Away from families, ASU Havasu students celebrate ‘Friendsgiving’
It’s not always easy to be home for the holidays, especially for students at ASU Havasu. Lake Havasu City may be a playground for college students throughout March and April, but in calm November, the region remains hundreds of miles away from the nearest national airport. Some students — whether by distance or lack of traveling money – are stuck here. But that doesn’t mean they can’t enjoy a Thanksgiving dinner of their own.
“Friendsgiving” is a recent national trend among Millennials, joining friends in celebration of the holiday when family may not be available. About 15 ASU Havasu students gathered at the campus’s student center in a Tuesday Friendsgiving dinner, organized by student worker Abbie Anderson.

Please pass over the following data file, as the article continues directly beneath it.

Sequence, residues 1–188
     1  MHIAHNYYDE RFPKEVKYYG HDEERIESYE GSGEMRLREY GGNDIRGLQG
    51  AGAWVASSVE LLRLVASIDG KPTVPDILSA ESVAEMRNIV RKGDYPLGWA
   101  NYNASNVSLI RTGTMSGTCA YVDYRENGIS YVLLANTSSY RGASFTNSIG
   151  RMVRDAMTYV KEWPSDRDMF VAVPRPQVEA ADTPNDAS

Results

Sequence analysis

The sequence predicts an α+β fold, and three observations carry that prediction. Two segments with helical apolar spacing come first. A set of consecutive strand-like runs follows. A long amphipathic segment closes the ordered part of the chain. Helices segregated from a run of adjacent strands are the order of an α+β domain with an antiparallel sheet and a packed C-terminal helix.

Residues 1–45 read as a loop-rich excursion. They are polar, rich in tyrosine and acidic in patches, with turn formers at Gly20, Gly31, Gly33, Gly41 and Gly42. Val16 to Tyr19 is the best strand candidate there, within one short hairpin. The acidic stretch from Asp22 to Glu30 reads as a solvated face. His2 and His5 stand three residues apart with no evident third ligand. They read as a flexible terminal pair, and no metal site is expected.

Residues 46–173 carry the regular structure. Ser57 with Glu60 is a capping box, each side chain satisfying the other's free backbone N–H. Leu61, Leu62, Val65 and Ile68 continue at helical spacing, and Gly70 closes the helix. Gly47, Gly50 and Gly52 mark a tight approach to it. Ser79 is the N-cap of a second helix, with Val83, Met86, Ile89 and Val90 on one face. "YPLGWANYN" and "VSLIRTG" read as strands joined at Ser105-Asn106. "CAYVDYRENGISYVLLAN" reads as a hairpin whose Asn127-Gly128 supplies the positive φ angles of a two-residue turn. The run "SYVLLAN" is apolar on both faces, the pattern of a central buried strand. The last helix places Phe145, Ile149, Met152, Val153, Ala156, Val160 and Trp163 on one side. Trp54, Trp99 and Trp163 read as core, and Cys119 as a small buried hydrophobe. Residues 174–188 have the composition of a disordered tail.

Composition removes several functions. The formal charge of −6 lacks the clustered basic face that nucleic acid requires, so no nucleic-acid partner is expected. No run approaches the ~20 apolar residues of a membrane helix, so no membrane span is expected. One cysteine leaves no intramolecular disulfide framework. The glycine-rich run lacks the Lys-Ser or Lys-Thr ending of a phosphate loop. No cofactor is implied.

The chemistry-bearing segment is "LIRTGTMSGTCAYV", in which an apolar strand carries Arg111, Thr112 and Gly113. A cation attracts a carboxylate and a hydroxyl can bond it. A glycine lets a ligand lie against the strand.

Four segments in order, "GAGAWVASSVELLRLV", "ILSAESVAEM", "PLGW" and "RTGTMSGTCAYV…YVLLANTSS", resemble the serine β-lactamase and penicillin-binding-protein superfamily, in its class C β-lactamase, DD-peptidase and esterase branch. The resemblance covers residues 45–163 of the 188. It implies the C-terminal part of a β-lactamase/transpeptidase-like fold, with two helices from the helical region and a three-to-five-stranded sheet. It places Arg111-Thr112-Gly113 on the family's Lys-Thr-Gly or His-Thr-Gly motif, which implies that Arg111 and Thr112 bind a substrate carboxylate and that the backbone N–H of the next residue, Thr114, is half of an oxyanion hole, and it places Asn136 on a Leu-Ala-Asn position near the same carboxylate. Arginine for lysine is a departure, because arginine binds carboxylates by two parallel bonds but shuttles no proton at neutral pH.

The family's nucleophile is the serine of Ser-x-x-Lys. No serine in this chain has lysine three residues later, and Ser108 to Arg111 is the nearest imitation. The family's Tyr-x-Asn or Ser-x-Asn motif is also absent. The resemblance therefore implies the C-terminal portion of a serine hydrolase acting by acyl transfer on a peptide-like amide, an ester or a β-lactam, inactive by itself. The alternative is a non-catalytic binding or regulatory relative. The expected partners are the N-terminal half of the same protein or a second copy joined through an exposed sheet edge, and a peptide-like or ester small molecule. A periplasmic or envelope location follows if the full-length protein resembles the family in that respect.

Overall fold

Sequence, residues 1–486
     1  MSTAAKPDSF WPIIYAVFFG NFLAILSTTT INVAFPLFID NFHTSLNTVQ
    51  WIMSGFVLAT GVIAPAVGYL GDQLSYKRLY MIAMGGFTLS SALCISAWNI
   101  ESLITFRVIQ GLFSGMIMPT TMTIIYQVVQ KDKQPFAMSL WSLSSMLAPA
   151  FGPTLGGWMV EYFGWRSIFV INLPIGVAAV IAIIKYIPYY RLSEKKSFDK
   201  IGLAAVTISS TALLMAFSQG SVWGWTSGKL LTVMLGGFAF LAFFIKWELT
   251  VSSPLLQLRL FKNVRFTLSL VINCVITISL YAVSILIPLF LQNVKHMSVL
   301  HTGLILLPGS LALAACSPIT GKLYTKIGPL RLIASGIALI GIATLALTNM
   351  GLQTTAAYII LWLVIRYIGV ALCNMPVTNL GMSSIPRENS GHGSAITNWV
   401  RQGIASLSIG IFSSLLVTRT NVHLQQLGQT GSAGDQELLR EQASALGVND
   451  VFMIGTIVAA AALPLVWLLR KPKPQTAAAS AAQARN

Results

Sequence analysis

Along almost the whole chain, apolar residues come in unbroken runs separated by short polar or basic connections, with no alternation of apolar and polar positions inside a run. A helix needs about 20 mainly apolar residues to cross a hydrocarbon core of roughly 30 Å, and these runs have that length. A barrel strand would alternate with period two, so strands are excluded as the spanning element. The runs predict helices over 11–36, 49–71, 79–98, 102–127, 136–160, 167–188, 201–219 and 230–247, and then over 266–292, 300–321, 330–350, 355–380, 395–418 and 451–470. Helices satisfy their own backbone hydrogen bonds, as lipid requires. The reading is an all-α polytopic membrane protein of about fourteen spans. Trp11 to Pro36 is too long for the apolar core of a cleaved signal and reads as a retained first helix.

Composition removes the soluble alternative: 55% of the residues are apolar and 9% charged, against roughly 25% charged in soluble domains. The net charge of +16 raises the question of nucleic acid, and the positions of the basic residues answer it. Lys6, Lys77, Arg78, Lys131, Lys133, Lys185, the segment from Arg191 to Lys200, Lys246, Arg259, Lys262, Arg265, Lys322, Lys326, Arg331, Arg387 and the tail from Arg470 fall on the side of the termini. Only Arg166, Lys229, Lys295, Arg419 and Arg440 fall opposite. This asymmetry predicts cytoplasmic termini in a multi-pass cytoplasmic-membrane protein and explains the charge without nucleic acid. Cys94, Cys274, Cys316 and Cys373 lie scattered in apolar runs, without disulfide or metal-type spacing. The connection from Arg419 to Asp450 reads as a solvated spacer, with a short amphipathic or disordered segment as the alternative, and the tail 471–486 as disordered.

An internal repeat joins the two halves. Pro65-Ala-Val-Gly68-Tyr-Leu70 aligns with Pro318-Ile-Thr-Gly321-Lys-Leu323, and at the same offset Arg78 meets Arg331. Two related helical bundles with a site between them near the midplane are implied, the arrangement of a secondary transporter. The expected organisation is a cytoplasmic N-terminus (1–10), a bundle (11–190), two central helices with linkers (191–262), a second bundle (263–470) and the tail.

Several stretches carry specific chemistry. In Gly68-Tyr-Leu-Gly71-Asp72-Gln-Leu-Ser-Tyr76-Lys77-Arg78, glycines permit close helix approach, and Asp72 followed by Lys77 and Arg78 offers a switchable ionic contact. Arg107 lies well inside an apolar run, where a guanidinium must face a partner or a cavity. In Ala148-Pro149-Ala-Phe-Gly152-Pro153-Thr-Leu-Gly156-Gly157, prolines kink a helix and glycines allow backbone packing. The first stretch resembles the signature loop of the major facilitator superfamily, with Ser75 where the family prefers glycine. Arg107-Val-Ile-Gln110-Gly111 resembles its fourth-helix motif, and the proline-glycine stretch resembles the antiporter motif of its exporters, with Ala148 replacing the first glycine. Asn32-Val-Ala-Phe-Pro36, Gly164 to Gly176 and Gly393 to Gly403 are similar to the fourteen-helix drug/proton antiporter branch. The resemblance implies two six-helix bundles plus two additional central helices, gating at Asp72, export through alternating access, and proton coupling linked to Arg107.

“We decided to do a Friendsgiving dinner for students who aren’t able to get home and be with their families,” Anderson said. “They could still have that family atmosphere, and it was a nice dinner.”
The event featured turkey, fried chicken, stuffing, rolls, pumpkin pie and cranberry sauce – in addition to Christmas movies, ping pong and games of foosball.
After two years at ASU Havasu, Anderson will graduate this December with a degree in communications. “I love it,” Anderson said. “Thanksgiving is one of my favorite holidays. We were able to have a traditional kind of dinner, and it made me feel less lonely. I loved it.”
Friendsgiving is an idea popularized by the sitcom, “Friends,” but has seen growing participation in recent years. It’s often observed a week before the Thanksgiving holiday, although the event doesn’t have any strict guidelines.
“Nowadays friends are more considered family, themselves,” Anderson said. “People can sit down and be grateful for their friends as well as their family. I think it’s awesome.”